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A School of Prayer

Updated: Aug 20, 2022

Friday Book Pick: A School of Prayer: The Saints show us how to pray by Pope Benedict XVI

If you are ever in Rome on a Wednesday, you should consider going to the Holy Father’s general audience. It is held every week either in St. Peter’s square or in the nearby Paul VI audience hall. At this special event you will get to see and hear our Holy Father, and also receive his blessing. The popes have used this weekly forum to be closer to their people since 1939 when the audience began under Pope Pius XII. When this tradition started, it was exclusively for newly married couples who dress in their wedding garb and received an individual papal blessing for their lives together. (Brides and grooms still received preferential seating and a personal blessing, but the general audience is now open for all pilgrims.)

Since John Paul I, and continued by John Paul II, the general audiences have been series of catechesis, allowing the Holy Father a weekly venue to teach his flock on a topic of his choosing. Pope Saint John Paul II taught his “Theology of the Body” week after week during the Wednesday Audience from 1979 to 1984.

Today’s book pick is the compilation of general audiences given by Pope Benedict in 2011 and 2012 on the topic of prayer. It might seem an exaggeration to call a compilation of short addresses a masterpiece, but the way Pope Benedict treats deep Biblical themes with simple profundity in few words must require unique genius. This book is treasure in its scope (it covers the theme of prayer from a Biblical perspective surveying both old and new testaments—especially focusing on the prayer of Jesus) and brevity (each reflection is only two three pages long). I’ll include a few nuggets from A School of Prayer here to pique your interest:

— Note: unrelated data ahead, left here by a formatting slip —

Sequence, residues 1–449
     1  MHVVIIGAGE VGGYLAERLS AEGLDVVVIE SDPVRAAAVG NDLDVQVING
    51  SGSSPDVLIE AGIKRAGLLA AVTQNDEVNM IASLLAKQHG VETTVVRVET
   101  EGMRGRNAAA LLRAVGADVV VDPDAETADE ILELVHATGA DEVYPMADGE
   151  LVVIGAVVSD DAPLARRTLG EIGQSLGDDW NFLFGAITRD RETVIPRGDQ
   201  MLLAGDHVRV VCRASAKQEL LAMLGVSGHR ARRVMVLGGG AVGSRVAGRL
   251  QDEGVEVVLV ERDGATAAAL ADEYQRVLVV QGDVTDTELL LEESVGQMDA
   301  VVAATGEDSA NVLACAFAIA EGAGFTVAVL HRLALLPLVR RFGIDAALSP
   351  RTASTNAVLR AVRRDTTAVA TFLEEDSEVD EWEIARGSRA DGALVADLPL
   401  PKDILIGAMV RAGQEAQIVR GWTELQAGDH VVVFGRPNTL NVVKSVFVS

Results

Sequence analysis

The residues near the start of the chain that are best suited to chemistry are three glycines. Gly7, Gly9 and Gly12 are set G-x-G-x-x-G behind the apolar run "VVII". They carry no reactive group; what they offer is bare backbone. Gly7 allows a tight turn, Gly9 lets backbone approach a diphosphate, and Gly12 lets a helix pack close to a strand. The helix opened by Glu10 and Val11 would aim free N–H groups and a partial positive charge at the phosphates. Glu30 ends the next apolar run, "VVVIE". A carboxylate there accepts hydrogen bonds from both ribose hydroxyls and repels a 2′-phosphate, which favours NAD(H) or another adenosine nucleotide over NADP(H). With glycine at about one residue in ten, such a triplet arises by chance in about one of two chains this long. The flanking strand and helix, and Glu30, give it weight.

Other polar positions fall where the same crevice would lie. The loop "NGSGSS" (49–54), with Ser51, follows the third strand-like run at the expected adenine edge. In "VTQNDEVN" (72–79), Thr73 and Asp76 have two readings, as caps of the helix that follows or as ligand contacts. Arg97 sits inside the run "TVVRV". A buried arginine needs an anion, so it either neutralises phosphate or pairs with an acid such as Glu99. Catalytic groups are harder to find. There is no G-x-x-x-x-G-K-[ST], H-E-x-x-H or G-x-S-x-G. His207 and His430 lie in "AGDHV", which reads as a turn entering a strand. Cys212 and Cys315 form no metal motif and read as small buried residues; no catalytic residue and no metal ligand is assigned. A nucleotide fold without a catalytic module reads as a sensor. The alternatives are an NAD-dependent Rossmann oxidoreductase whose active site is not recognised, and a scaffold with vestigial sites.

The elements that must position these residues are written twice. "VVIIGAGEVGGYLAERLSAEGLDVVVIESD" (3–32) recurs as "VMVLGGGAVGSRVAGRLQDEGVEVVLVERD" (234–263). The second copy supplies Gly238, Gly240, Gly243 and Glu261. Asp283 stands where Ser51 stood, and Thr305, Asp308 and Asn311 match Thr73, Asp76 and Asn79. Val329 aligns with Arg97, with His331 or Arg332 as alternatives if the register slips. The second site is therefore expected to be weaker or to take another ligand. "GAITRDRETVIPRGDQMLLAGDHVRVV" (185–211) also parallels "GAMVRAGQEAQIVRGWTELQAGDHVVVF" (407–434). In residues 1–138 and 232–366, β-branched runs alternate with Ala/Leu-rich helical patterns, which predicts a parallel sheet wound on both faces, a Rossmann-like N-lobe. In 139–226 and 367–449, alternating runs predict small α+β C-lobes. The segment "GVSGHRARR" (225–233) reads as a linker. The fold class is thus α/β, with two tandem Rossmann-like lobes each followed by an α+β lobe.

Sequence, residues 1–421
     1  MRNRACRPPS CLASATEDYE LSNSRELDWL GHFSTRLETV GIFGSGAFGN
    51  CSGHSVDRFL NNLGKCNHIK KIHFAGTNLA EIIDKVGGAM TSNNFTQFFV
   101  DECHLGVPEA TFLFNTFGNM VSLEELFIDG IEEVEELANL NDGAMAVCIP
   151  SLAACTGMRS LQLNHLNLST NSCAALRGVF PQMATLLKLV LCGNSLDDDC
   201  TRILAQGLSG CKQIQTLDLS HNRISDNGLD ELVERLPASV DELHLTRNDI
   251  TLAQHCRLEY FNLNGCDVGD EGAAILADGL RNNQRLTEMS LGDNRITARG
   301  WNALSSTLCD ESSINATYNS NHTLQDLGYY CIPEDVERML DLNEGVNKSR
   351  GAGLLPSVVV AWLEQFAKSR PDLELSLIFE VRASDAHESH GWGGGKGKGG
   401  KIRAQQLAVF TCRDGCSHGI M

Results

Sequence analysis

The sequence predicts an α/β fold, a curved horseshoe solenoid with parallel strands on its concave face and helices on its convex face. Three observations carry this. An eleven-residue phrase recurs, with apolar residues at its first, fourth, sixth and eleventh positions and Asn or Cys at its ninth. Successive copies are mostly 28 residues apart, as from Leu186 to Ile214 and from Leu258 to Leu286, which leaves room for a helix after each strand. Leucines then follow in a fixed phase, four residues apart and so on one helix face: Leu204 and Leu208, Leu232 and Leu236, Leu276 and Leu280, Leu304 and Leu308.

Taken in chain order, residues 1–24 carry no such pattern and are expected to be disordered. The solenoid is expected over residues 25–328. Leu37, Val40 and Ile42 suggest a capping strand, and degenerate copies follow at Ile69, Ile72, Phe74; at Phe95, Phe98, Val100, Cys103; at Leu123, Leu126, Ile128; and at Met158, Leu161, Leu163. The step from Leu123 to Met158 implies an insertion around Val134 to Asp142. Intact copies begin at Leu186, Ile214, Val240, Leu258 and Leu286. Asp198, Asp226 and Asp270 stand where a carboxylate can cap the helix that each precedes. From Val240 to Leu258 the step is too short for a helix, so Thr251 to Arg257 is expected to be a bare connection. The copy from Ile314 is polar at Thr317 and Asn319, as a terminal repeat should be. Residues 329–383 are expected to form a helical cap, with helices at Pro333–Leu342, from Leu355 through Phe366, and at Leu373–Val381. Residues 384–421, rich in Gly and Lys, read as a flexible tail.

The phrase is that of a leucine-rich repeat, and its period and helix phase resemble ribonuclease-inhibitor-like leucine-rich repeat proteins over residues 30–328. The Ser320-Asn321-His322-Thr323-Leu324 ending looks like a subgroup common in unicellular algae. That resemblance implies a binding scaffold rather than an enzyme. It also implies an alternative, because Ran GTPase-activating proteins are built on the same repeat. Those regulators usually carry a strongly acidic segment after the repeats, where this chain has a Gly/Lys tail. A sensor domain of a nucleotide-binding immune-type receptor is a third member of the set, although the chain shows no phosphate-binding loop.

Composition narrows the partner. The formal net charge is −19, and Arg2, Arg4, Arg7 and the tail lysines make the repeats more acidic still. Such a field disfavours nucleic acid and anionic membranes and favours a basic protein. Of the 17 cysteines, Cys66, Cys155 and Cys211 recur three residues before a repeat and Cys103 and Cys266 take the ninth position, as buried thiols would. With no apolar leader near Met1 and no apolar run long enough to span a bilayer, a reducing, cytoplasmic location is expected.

“This attraction to God, which God himself has placed in man, is the soul of prayer.”

“Being saved does not mean merely escaping punishment but being delivered from the evil that dwells within us.”

“Know how to desire the salvation of mankind and ask for it with perseverance and with trust in the Lord who is great in love.”

“Whoever allows himself to be blessed by God, who permits himself to be transformed by God, renders a blessing to the world.”

“The primary aim of prayer is conversion…”

Those are just a few of the sentences I jotted down for further pondering when I was working my way through this book.

I am recommending this book for the incoming participants in NY Samuel Group (an eight-month spiritual formation program for young adults) and for the graduates too, and for any serious spiritual person who wants to further form his intellect in prayer so as to enhance his actual prayer life. I recommend reading one article every two days for slow ponderous and truly spiritual reading.

Mother Clare



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